5 years ago

Magnetic Resonance Image Guided Adaptive Brachytherapy in Locally Advanced Cervical Cancer: An Experience From a Tertiary Cancer Center in a Low and Middle Income Countries Setting

To determine the clinical impact of magnetic resonance image guided adaptive brachytherapy (IGABT) for locally advanced cervical cancer (LACC) (stages II and III) in a tertiary care cancer hospital in a low and middle income countries setting. Methods and Materials Ninety-four LACC patients enrolled in a prospective EMBRACE (An International Study on MRI-Guided Brachytherapy in Locally Advanced Cervical Cancer) protocol treated with external radiation therapy (45 Gy in 25 fractions) with or without weekly cisplatin, followed by magnetic resonance IGABT (4 fractions of 7 Gy), were analyzed in detail for dosimetric and clinical outcomes including late toxicities. Results The mean (± standard deviation) high-risk clinical target volume (HR-CTV) at the first session of brachytherapy and at the second session of brachytherapy for the current study cohort was 46.94 ± 24.6 cm3 and 42.7 ± 22.5 cm3, respectively, with mean minimum dose received by 90% volume (D90) of 88.3 ± 4.4 equivalent 2-Gy fractionation (GyEQD2). At median follow-up (39 months), the local control rate (LCR) and overall progression-free survival rate were 90.1% ± 3.4% and 72.1% ± 4.8%, respectively, with grade 3 bladder toxicity in 3% of patients and rectum toxicity in 9%. The LCR at 39 months was significantly better in patients with stage IIB and IVA disease versus stage IIIB disease (100% vs 85%, P=.013). Local failures were limited to stage IIIB only and were associated with significantly larger HR-CTVs at brachytherapy (70 ± 25.7 cm3 vs 44.3 ± 21.9 cm3, P=.01) but not with HR-CTV D90 doses (which were similar for patients who had local failures vs those who did not: 86.3 ± 3.9 α/β equal to 10 Gy (Gy10) vs 88.5 ± 5 α/β equal to 10 Gy, P=.987). Conclusions IGABT leads to a significant improvement in LCR and overall progression-free survival in LACC and should be considered for wider implementation in developing countries to improve outcomes.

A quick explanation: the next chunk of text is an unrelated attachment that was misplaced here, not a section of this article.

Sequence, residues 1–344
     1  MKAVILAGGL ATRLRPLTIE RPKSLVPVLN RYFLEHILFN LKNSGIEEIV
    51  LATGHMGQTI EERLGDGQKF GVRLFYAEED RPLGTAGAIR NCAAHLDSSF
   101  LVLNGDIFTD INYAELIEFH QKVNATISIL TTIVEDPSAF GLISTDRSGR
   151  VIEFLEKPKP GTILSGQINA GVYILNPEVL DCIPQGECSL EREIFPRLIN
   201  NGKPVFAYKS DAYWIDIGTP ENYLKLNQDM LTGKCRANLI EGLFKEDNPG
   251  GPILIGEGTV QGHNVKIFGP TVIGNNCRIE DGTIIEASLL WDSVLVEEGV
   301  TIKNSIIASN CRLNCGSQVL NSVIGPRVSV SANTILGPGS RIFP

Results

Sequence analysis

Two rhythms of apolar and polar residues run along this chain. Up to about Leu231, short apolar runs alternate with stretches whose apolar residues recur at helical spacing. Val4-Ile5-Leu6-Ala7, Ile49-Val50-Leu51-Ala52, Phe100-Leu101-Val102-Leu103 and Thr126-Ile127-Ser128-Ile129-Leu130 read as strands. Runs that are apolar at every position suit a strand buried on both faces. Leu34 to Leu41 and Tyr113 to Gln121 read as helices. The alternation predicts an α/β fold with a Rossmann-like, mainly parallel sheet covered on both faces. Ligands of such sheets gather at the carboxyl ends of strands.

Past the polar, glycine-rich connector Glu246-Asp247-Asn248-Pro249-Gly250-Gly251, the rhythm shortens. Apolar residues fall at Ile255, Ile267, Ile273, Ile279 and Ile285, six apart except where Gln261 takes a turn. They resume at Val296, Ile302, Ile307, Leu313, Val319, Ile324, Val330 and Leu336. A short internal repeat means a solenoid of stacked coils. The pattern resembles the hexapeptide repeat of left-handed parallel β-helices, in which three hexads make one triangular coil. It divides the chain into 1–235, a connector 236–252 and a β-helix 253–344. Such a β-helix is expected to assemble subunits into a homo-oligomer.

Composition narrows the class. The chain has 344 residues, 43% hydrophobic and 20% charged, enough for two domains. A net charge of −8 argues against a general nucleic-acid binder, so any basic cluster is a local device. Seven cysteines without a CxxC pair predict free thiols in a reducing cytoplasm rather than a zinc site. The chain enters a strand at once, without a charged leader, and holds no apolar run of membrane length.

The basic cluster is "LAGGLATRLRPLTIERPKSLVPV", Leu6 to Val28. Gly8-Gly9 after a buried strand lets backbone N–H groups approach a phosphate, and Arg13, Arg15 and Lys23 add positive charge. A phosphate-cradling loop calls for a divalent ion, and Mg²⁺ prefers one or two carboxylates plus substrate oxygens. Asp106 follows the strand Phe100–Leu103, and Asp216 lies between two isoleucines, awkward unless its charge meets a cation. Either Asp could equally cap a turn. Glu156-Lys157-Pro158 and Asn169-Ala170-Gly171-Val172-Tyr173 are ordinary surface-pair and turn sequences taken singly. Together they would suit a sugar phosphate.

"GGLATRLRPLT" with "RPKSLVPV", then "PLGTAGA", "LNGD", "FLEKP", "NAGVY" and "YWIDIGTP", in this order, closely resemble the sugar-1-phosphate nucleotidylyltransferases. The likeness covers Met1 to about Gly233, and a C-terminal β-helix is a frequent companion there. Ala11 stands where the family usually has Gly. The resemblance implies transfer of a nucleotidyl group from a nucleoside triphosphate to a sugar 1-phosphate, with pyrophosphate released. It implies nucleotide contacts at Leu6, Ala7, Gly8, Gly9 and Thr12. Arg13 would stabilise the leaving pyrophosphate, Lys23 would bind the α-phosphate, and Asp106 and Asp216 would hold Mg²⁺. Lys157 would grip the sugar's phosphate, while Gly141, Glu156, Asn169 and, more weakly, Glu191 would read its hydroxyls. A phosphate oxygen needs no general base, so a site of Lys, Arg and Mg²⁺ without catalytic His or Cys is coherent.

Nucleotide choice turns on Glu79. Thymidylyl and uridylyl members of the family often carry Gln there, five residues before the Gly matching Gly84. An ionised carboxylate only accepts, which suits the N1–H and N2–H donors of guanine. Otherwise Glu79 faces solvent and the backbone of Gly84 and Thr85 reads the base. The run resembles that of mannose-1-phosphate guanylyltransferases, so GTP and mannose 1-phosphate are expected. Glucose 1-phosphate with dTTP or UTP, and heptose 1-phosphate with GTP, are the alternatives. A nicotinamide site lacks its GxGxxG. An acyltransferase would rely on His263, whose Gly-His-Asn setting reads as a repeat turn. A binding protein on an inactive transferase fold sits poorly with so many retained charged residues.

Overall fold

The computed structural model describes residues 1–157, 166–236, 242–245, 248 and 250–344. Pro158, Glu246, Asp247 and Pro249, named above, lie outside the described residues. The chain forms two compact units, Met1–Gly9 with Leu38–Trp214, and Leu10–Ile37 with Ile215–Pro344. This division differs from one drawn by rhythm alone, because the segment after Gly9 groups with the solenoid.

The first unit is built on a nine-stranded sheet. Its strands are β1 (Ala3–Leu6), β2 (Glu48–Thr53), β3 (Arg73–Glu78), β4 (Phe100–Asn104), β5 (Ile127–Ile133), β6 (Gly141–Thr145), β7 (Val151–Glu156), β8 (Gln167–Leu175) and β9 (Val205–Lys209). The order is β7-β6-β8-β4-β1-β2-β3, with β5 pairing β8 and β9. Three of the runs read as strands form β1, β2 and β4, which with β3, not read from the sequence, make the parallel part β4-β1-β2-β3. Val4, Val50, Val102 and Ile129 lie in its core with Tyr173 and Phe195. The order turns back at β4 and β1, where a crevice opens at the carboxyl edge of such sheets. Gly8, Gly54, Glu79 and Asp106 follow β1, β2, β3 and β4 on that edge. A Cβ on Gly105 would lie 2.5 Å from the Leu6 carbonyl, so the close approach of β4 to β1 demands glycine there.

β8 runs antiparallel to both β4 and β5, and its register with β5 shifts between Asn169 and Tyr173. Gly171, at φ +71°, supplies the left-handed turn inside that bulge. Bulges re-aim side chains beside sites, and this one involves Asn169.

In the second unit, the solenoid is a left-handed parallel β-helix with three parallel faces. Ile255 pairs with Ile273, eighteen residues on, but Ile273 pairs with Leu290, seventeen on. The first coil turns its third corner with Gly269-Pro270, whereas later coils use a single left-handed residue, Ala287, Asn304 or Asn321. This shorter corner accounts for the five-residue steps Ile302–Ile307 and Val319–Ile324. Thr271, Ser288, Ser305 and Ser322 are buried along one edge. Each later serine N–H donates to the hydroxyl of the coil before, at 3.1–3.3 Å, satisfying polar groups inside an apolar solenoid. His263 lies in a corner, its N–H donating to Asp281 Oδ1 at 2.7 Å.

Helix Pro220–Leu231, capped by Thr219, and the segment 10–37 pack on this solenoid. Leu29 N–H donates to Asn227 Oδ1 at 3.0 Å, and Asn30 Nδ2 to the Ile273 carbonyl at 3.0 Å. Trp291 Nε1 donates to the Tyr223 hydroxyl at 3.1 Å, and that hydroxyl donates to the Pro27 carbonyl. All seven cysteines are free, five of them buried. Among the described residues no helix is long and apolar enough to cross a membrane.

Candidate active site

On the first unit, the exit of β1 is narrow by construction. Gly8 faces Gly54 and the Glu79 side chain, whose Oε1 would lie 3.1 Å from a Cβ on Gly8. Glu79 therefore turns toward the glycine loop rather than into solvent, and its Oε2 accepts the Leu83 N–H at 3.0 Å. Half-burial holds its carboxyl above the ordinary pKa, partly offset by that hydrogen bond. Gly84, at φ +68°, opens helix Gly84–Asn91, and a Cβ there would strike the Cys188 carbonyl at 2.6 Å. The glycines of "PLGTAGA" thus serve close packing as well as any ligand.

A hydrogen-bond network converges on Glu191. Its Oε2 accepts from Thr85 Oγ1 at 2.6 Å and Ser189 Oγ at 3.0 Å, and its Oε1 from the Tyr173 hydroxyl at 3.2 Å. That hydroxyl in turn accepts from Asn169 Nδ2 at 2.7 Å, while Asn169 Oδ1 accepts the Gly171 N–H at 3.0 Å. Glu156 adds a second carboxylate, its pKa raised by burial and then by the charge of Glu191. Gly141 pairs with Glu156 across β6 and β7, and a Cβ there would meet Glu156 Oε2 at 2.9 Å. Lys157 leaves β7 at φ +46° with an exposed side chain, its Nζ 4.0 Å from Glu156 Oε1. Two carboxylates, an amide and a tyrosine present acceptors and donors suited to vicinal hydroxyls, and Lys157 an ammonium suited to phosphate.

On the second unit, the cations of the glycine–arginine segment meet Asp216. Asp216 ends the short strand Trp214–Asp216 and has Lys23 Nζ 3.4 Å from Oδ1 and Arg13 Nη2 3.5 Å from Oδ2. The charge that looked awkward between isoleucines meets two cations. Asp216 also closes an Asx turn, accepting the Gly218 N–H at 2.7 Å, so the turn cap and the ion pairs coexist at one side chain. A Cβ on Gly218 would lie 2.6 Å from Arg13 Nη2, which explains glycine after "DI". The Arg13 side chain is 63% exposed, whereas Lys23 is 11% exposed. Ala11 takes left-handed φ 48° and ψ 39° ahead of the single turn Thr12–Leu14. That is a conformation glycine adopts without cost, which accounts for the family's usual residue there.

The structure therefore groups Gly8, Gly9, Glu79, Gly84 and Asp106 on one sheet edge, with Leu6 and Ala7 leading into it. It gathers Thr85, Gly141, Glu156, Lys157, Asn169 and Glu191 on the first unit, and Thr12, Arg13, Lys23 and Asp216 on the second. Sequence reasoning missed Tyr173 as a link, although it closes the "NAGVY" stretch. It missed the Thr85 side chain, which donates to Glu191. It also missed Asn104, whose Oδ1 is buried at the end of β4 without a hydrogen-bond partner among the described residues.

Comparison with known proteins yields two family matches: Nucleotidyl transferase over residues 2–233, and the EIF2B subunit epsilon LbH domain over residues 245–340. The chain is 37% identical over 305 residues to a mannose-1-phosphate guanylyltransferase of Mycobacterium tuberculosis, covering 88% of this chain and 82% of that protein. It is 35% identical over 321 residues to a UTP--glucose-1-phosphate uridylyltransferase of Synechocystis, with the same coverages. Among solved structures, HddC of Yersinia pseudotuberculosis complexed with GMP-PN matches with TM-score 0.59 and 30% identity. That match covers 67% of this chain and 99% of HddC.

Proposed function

Publisher URL: www.sciencedirect.com/science

DOI: S0360301617310593

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